The main prayer in the suit was for a declaration that the judgment of the foreign court was not binding upon the parties. Section 13 of the Code of Civil Procedure, 1908 (“the CPC”) makes a foreign judgment conclusive as to any matter thereby directly adjudicated between the same parties, while listing out exceptions. Under Section 14 of the CPC, a rebuttable presumption arises that the foreign judgment produced before an Indian court was pronounced by a court of competent jurisdiction.
According to the plaintiff, an attorney-at-law, her life with the defendant became difficult to manage, forcing her to file a petition for divorce. She retracted the petition after her family advised her against it. Based on the belief that her husband had agreed to settle in India, she admitted her child in a school in Chennai. She alleged however, that after she got back to India, her husband began torturing her, leading her to file a second divorce petition through her counsel in the United States. She stated that she could not go for the hearing since she did not have adequate financial resources, and because the defendant did not fund her when she asked him.
The plaintiff made a feeble attempt to assail the decision on the ground that it had no territorial jurisdiction to decide a claim relating to the custody of the child, since the child was in India at the time of the filing. The plaintiff assailed the final order itself on three distinct grounds namely, that it was not given on the merits of the case, that the proceedings were opposed to the principles of natural justice, and that it was obtained by fraud and misrepresentation, staking her claim under clauses (b), (d), and (e) respectively, of Section 13 of the CPC.
Justice Ramasubramanian dismissed the claim refuting jurisdiction, since it was the plaintiff who had fired the first salvo, by filing the petition for divorce before the foreign court, seeking both divorce as well as primary custody of the child. Therefore, the plaintiff could not now question the jurisdiction of that court after she had voluntarily invoked its jurisdiction not once, but twice.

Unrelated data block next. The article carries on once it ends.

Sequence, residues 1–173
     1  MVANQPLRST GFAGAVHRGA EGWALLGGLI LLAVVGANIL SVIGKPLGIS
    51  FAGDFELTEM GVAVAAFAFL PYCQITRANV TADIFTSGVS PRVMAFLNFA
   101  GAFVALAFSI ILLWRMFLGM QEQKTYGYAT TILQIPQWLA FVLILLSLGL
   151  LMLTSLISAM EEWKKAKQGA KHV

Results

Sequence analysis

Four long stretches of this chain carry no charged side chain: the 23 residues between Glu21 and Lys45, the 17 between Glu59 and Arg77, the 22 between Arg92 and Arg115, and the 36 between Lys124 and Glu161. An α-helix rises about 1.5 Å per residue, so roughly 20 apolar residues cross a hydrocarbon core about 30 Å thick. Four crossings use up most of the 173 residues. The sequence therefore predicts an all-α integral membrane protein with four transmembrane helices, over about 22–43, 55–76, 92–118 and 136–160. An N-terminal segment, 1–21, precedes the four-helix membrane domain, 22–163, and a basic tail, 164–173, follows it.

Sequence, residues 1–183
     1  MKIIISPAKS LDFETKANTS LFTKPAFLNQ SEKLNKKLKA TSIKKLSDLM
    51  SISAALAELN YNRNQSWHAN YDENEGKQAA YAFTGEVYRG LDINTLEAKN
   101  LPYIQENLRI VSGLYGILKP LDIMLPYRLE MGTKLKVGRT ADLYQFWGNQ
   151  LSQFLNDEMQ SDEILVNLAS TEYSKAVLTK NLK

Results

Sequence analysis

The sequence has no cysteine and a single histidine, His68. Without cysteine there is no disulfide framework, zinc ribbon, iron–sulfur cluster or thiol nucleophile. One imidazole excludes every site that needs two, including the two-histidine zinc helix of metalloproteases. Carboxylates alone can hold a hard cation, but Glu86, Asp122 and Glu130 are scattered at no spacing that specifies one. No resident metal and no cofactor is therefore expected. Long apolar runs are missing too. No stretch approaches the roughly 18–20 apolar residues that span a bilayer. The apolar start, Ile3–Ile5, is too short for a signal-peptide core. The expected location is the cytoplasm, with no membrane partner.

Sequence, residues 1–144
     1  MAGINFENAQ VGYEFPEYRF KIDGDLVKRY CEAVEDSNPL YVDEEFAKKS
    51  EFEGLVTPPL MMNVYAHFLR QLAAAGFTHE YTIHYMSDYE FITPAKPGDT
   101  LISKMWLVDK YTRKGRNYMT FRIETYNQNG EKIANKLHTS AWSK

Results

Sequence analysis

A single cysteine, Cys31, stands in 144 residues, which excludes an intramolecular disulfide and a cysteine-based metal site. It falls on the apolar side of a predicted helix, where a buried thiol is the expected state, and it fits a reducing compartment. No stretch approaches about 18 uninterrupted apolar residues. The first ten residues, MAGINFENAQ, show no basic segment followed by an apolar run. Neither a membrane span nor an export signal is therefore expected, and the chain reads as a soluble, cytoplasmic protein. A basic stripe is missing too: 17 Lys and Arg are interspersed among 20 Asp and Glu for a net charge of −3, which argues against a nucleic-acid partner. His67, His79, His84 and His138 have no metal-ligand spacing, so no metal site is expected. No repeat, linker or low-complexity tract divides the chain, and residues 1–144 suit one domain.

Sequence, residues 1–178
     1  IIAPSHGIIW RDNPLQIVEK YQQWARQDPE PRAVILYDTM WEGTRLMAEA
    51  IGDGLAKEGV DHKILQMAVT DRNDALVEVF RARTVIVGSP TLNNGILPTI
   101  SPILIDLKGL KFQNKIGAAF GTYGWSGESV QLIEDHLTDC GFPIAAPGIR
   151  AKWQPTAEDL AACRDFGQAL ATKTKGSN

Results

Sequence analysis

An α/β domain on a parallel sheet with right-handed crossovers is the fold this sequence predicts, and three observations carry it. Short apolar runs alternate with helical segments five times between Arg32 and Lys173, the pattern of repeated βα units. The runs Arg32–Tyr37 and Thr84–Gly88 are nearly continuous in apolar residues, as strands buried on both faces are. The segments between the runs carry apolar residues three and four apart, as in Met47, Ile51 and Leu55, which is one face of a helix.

Justice V. Ramasubramanian.
Image above taken from the website of the Madras High Court.
The first contention regarding the final order was that the judgment was not given on the merits of the case. It was based primarily upon the fact that even a judgment rendered ex parte is supposed to contain some discussion on the merits. The ground was rejected, since the entire conversation that took place between the judge and the counsel for the defendant during the proceedings in the United States, as well as the oral evidence tendered by the defendant on oath, had been recorded verbatim in the transcript of the proceedings, running to about twenty-six pages. Reasoning that proceedings were not short circuited merely because they were ex parte, the contention that there was no application of mind was held uncharitable. Before winding up, the counsel for the defendant had requested the judge to pass an order that would result in the incarceration of the plaintiff, without the need to file a contempt petition, if she failed to comply with the order for the return of the child. The judge however, refused that prayer and said that the defendant had to file a separate petition for that. The Court held that all of that showed that there had been clear application of mind.